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As an economist who had studied administrative and regulatory law, he saw the waste and inefficiency in socialism, but he points out that Lenin and Hitler, as well as the British champions of socialization and "thus the most eminent advocates of socialism implicitly admit that their tenets and plans cannot stand the criticism of economic science and are doomed under a regime of freedom" (von Mises 119)
In Bureaucracy, von Mises concluded that every man cannot be an economist, that professionals have an advantage over laymen as they devote all their time to that one thing, becoming specialists in their area. Highly regulated fields include environmental protection, healthcare, and professional licensing. Understanding and applying principles of administrative law are critical to a smooth functioning of government. Administrative law is also important in interactions with government in its proprietary capacity, such as eminent domain, real estate development, contracts and construction. As the amateur cannot become a specialist, but needs to have a voice in the overall effect of the bureaucrats' rule, von Mises proposes there be a "middle way," capitalism regulated and regimented by government interference with business. "But this government intervention should not amount to full government control of all economic activities; it should be limited to the elimination of some especially objectionable excrescences of capitalism without suppressing the activities of the entrepreneur altogether" (von Mises 122).
It would be a mistake to leave all regulatory and economic decision-making to professionals, to completely abdicate to professionals in administrative, social, educational or other governmental issues, even though the ordinary citizen does not concern him or herself with such things as agriculture, flow-charts, zoning or road-building. Bureaucrats can ply their expertise in these areas, but the citizen, if he or she wants to be self-determining, must at least gain some kind of judgment in these areas to guide the bureaucrats into decisions that do not encroach on the rights and ability to act independently, of each citizen. Oversight of compliance audits, knowledge of governmental agency functions and assistance in training citizens in the legislative systems must be in place. As von Mises said at the end of his argument,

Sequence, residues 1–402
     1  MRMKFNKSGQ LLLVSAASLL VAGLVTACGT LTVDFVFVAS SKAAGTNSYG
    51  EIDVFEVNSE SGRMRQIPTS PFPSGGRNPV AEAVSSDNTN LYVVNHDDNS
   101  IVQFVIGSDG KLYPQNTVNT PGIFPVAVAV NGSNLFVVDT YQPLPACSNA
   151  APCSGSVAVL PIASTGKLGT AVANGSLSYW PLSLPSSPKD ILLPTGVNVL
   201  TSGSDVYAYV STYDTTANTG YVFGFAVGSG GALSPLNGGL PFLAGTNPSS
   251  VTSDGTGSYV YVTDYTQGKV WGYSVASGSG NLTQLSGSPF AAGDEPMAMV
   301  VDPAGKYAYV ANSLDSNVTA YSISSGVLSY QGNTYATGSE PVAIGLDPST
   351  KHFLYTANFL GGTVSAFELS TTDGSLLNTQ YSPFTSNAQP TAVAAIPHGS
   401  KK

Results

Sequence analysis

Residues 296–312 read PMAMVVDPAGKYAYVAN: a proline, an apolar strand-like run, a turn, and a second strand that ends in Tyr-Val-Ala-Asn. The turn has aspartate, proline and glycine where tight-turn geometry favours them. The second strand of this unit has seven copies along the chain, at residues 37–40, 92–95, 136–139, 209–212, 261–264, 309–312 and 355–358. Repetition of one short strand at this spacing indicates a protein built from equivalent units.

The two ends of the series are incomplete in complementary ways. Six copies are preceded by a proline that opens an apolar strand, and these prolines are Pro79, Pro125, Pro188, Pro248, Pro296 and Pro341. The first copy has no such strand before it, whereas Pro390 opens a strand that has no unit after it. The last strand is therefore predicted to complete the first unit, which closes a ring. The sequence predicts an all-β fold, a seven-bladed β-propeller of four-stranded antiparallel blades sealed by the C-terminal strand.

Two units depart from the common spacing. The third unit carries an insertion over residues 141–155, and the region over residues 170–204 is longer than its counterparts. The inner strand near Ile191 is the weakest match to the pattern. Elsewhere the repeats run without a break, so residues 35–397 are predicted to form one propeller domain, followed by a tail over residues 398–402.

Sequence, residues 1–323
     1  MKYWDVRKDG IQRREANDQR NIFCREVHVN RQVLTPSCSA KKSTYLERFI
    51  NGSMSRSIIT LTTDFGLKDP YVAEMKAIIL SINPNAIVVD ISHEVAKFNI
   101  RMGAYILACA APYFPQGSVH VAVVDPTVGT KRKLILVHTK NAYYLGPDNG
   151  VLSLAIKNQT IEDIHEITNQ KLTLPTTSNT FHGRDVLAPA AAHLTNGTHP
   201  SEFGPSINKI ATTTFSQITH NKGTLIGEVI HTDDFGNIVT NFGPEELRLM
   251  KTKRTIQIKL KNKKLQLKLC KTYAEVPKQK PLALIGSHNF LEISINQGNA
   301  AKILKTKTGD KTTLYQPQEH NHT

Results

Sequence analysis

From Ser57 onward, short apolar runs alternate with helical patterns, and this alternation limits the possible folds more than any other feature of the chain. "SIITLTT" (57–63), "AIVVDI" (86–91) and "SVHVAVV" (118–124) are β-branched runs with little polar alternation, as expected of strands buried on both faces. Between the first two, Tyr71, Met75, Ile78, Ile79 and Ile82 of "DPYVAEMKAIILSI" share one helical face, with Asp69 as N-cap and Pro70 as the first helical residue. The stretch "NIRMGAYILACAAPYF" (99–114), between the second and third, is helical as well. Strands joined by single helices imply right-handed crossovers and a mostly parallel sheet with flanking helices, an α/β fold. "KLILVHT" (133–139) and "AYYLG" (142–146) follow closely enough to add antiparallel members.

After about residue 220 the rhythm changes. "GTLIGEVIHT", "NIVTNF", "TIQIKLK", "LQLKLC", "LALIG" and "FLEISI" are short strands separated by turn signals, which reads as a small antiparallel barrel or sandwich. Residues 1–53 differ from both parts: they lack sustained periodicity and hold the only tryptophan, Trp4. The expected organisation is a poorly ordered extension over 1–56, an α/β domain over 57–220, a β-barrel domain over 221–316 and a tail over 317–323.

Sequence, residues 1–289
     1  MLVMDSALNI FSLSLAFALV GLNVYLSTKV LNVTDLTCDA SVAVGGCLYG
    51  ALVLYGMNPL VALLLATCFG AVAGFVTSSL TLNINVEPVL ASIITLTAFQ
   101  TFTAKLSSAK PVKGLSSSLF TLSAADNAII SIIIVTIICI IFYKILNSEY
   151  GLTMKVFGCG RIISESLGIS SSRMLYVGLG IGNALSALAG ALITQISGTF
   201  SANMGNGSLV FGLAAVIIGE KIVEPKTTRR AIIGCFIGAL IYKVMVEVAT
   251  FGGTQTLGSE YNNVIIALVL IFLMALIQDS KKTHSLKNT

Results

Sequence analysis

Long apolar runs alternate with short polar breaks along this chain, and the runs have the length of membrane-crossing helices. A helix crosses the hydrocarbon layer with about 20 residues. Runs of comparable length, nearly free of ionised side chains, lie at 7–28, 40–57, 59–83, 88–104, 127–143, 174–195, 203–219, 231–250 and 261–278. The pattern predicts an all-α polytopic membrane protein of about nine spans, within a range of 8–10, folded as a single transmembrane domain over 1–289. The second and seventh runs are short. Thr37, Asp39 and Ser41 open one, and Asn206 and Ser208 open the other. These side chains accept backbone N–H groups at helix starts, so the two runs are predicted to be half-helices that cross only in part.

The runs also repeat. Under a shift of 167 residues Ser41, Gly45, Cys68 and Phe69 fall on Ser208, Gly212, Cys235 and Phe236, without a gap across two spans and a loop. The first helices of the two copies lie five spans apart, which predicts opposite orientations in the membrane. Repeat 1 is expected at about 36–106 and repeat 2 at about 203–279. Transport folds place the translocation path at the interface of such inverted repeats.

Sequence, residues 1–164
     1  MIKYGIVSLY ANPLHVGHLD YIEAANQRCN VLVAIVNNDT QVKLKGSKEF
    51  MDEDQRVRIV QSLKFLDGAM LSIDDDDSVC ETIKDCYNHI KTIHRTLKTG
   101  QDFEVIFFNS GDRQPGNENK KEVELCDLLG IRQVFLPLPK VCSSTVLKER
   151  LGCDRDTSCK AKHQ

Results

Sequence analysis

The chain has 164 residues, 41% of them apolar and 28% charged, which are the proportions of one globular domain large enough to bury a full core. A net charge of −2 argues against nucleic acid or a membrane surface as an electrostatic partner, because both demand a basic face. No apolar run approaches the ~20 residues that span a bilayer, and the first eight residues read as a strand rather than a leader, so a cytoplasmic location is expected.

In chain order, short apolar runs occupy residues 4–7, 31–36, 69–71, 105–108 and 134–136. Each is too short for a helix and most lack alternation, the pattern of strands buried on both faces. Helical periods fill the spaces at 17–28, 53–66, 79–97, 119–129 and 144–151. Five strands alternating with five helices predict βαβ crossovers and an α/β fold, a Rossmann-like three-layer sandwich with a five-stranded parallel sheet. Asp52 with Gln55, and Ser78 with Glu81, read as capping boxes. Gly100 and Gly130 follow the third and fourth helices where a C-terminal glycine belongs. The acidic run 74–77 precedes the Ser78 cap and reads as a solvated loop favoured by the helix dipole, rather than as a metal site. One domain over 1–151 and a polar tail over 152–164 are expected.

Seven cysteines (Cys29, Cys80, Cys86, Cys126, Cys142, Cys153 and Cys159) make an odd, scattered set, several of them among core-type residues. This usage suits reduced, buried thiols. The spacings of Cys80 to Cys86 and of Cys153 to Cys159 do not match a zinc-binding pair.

Democracy means self-determination. How can people determine their own affairs if they are too indifferent to gain through their own thinking an independent judgment on fundamental political and economic problems? Democracy is not a good that people can enjoy without trouble. It is, on the contrary, a treasure that must be daily defended and conquered anew by strenuous effort (von Mises 125).
In conclusion, bureaucracy has its place in the regulations and administration of a government, but when it begins to encroach on the rights of people, it must be limited. Expertise is needed in most areas of government and is invaluable in a democracy. However, experts must be controlled by the tenets of democracy, and must allow the common man (or woman) to determine how many and what kind of decisions may be made about their lives without seriously limiting their rights and freedom.
Benson, H., (Jan-Feb 2005). Focusing the AFL-CIO debate: Bureaucracy v. Democracy. Union Democracy Review #154. Jan-Feb 2005.Association for Union Democracy.
Webster, N. (1974). Webster's New World Dictionary of the American Language. Nashville: The Southwestern Co.
A von Mises, L. (1944). Bureaucracy. Auburn, Alabama: Mises.
Large corporations are entities that most people work for and are used to, that focus all power on the leaders, as "the deciders," who make decisions, good or bad, for everyone below them. The employees of a large corporation must go along with the decisions that the leaders make because they have no choice. A government run on these principles is not a democracy. It is a bureaucracy.
Today workers in unions fear that, though it is more efficient, the bureaucratization of the labor movement will incorporate independent small unions and combine them into an assemblage of 15 or 20 organizations, which would parcel out all jurisdictional rights of the smaller unions and reduce the labor union to one, huge bureaucratic entity. Workers, if they are dissatisfied with union leaders would be unable to replace them, and be locked into this system. Under a bureaucracy, central labor councils in cities and states would be subject to strict control by the officers of huge internationals, who would appoint all their delegates and officers and deprive them of autonomy. The bureaucracy, they fear,…[continue]
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